What do you think of garbage collectors? Or architects? Or farmers? Not whether they are nice or nasty (though that might be important): but what do you think of them theologically?
The reason I ask is this: I find that in seminaries we do not always place a high value on the career theology students followed before they began to train for ordination. In fact, we sometimes talk as if it is fairly irrelevant, even inferior, to what they are doing now, and what they are going to do.
I see three problems with this attitude.
1. People coming to Wycliffe have often had the most impressive careers, in teaching, engineering, the arts, home-making, the law-you name it. Whatever we have been doing during that time, God has been at work, shaping us, developing our gifts, chipping away at our character, preparing us for the next phase.
Thus there is a very direct line connecting our previous work and our future work. If you were a manager, doesn’t a priest need to know how to manage people? If you were an educator, isn’t education central to congregational leadership? If you started your own business, might God not have prepared you to plant a new church? And so on.
2. More significant is the fact that this attitude to “secular” careers will likely rub off on the way we lead parish ministry. Who will you think of as the most spiritually mature Christians in your congregation? For many clergy, it is those who spend most time in the four walls of the church, serving on committees, singing in the choir, maintaining the building. Isn’t that the best way to measure their commitment to Christ and his church?
Exhibit A: Don Page was a senior civil servant in Ottawa. During his twenty years or so in that job, he started the Public Service Christian Fellowship, which eventually sponsored around a hundred Bible study groups scattered throughout government buildings in Ottawa. Through those groups over the years, he told me, about a hundred people became Christians.
How much did Don Page do in his church? Very little. The elders (it was a Fellowship Baptist church) said, “Don, that is clearly your ministry. We will support you and pray for you, but we will not ask you to take on any internal jobs at the church.”
Exhibit B: When Don left, to become Vice-President of Trinity Western University, he asked his VP to take over the PSCF. The man replied, “Sorry, I can’t do that: I’ve got too many responsibilities in my church.”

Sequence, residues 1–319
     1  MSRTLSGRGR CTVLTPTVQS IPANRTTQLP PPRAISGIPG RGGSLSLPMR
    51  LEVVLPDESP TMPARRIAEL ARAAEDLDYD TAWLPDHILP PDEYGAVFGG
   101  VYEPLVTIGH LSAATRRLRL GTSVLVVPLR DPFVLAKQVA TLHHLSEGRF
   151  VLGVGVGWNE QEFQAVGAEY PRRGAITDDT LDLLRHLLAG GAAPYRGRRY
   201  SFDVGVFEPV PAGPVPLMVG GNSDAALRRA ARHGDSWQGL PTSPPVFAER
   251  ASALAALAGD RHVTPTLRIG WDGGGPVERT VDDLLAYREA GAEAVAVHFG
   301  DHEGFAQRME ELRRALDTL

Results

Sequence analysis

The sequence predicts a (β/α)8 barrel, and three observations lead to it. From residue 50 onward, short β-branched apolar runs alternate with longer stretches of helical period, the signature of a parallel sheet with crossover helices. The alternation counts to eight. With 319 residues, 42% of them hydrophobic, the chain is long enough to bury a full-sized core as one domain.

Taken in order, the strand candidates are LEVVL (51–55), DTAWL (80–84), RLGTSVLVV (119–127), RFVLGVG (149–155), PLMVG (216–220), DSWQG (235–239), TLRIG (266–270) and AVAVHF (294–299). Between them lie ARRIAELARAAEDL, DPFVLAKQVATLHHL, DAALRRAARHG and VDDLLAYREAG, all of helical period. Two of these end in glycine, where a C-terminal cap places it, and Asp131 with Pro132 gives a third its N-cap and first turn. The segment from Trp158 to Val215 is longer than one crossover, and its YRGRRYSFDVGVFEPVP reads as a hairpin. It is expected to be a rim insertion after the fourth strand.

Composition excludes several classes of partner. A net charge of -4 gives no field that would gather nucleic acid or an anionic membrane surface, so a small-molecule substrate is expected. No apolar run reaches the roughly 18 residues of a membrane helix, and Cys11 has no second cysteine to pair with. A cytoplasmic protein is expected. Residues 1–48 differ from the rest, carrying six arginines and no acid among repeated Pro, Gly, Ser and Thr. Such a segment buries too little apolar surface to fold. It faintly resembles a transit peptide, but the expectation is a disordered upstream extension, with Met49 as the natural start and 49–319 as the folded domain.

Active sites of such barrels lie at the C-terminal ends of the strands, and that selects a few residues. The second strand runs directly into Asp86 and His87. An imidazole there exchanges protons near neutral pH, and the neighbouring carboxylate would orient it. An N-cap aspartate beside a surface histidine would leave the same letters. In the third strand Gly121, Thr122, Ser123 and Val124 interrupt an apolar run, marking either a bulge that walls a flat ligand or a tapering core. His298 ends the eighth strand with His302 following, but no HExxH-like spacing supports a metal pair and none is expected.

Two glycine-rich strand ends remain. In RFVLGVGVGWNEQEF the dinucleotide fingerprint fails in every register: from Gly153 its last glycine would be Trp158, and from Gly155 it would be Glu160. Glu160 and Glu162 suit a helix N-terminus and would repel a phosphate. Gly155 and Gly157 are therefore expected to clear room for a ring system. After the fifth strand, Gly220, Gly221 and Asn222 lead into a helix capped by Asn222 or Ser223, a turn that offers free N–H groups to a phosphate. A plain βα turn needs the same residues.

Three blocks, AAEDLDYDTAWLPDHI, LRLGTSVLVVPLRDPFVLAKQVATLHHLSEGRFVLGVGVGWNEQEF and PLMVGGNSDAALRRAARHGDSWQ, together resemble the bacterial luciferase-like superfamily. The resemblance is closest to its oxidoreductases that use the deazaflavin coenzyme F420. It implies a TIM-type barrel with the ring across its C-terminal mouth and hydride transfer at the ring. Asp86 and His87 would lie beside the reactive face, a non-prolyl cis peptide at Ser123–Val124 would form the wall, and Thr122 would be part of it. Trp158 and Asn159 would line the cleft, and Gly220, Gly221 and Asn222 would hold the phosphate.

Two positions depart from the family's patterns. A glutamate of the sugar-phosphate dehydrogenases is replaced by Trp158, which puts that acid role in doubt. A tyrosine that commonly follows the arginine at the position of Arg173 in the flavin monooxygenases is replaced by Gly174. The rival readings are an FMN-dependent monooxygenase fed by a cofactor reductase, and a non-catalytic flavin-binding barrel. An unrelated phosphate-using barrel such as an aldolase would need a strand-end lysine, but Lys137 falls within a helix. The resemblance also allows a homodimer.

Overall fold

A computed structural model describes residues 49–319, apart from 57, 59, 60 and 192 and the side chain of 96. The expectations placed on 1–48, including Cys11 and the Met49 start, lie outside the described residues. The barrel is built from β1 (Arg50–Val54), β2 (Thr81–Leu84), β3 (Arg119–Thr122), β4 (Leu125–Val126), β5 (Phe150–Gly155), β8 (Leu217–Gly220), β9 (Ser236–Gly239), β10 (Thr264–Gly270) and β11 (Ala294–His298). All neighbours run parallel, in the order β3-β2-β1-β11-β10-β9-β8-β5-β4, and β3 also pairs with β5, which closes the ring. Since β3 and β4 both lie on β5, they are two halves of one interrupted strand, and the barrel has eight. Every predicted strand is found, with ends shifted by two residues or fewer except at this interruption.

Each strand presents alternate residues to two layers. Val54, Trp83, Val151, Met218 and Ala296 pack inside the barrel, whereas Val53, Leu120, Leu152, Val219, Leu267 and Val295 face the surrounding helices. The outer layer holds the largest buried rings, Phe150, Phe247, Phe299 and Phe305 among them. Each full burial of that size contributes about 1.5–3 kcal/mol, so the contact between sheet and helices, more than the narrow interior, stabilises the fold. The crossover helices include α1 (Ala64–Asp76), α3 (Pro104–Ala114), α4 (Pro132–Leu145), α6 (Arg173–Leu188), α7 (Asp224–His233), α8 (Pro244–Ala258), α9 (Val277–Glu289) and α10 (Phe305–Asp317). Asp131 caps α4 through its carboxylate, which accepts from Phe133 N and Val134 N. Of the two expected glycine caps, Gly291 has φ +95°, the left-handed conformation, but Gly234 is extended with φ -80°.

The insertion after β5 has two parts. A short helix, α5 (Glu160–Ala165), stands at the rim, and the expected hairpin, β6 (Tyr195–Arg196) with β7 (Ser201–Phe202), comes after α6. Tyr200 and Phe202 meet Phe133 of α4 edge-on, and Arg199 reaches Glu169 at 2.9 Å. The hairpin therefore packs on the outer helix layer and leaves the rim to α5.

One of the chief reasons the church exists, surely, is to equip its members so that they can go out in witness to the world. If you like, Christ is centrifugal, inviting us to follow him into the “secular” world where he is already at work. Often, however, we work against this by making church centripetal, drawing our most energetic members away from “the world” they are supposed to inhabit into the running of the church’s infrastructure. Those who don’t serve on committees or running pancake suppers or planning the annual bazaar are regarded as second class Christians. Is there not something wrong with this picture?
3. But we do not witness simply by starting Bible study groups and seeking to bring others to Christ, important though those are. We witness simply by living as God’s people in God’s world in God’s way. The Christian architect shows by her work that God is concerned for the beauty and usefulness of where people live. The Christian scientist demonstrates his love of God by his delight in the intricacies of God’s amazing world. The Christian accountant shows by her efficiency and love of people something of the character of God. The Christian garbage collector mirrors the love of Christ, who dealt (and continues to deal) with the garbage in our lives. And the “call” of God to such jobs should be just as clear and compelling as the “call” to an ordained job in the church. Both are part of the work of God.
Thus the good pastor will affirm her people in their “secular” jobs and teach about the value of those jobs in the work of God. I know one pastor who visited as many as possible of his church members in their place of work, so that he could appreciate the opportunities and the challenges of the context in which they spent so much of their lives. As a result, his preaching became far more connected, and he stopped acting as if church activities were the most important thing his members were involved in.
As Luther said, “Every shoemaker can be a priest of God.” And, after all, Adam was a gardener.
Originally published in Morning Star